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Laura Dern Quotes

Laura Elizabeth Dern

Laura Dern quotes: on acting, activism and living your best life.

“There are no accidents in what you end up doing.”

“You will succeed and fail in equal measure. Both experiences are worthwhile. They will both define you.”

“You have to get out of your own way and write your own story—and not be forced into the narrative that you think will give you the easiest path to success or the most likes.”

“Stay true to your own voice, and don’t worry about needing to be liked or what anybody else thinks. Keep your eyes on your own paper.”

“You don’t have to run away from life your whole life. You can really live. You can change. And you can be an agent of change.”

“I think it’s about not just the crisis you’re in, but how do you get to the other side? How do we heal? How do we survive this experience while remaining hopeful instead of filled with despair?”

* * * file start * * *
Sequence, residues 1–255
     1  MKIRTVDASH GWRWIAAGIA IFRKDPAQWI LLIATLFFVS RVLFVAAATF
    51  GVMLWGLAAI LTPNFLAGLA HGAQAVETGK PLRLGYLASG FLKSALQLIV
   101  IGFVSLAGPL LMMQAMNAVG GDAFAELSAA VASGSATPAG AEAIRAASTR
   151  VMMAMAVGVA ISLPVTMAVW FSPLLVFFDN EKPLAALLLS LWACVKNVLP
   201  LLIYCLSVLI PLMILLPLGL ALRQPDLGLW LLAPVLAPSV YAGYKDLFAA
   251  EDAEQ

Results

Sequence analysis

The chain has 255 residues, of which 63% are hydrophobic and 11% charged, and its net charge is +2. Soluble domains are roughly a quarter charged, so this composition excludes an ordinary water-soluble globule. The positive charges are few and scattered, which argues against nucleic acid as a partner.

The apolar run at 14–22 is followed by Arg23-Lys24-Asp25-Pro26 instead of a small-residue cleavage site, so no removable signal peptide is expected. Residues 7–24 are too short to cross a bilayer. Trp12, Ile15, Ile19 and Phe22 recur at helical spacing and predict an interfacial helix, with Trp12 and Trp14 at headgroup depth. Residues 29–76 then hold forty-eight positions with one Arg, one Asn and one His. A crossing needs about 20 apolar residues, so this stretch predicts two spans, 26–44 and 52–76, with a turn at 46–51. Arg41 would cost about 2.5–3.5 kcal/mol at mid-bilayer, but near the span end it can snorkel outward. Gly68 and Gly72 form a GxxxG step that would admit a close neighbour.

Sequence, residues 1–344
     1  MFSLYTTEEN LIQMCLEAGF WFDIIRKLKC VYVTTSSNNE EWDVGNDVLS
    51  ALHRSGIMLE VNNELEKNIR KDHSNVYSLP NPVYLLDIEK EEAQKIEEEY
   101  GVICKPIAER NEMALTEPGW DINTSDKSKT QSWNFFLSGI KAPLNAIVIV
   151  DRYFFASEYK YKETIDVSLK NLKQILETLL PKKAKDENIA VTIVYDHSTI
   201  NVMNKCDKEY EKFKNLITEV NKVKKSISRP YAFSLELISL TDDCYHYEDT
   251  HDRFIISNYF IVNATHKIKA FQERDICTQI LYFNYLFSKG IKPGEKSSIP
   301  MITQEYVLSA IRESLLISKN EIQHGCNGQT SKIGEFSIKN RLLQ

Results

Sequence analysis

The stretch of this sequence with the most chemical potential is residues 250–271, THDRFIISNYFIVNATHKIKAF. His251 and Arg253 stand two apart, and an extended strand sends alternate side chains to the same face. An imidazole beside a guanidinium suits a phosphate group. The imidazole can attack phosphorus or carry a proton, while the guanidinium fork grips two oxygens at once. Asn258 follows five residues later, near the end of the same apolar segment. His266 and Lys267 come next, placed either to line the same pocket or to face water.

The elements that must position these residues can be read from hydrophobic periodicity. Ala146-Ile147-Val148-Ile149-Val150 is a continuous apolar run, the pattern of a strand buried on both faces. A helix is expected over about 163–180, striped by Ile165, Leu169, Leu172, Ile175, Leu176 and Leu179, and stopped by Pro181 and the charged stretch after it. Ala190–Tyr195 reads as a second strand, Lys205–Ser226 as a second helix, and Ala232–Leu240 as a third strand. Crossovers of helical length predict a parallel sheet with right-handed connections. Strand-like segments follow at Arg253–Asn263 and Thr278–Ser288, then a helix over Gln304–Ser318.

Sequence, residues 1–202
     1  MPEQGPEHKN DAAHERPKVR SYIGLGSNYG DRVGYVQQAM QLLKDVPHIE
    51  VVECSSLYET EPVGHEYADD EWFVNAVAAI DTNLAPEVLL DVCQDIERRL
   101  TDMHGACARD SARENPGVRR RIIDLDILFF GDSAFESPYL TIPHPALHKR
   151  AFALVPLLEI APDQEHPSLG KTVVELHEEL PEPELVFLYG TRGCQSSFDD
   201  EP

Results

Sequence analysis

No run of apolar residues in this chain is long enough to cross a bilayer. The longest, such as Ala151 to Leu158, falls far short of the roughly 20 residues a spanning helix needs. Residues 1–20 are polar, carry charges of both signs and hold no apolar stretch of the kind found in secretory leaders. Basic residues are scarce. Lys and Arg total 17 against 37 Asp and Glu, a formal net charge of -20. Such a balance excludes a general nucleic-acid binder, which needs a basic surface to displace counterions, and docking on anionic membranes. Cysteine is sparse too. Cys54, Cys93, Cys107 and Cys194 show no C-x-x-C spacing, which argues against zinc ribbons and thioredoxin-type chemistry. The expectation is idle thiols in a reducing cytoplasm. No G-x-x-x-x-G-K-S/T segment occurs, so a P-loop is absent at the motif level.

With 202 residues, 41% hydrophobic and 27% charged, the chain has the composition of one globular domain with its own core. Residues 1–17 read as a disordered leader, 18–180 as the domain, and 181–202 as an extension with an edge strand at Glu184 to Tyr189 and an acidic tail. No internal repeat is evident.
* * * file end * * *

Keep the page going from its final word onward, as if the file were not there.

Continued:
“Growth doesn’t hurt. This is what I’ve learned. In the end, it doesn’t hurt. It hurts while it’s happening. But in the end, you know, for life, for parenting… it’s not a bad—not a bad thing to try for.”

“I like taking challenges. Just when people think they have me figured out, I like to surprise them.”

“I think there are ways to get so caught up in your career and being so heavy and dramatic, and everyone wants to be a tortured genius.”

“Any journey of a creative person has, you know, really unusual challenges and years where you don’t work and years where you work.”

“What do you say when someone has truly inspired you?”

“I always fall in love with qualities of people I work with.”

“The only thing that I can personally turn to is compassion, gentleness, a willingness to allow myself to be angry instead of like why am I so angry. It’s so embarrassing. I’ve got to let this go. I’m not going to be a good person if I walk around angry like this.”

“Your life shifts instantaneously. I was always an activist. I cared deeply about environmental health, particularly for families and children, but then you become a parent, and it’s not that your priorities shift; it’s the amount of intent starts to shift in a really interesting way.”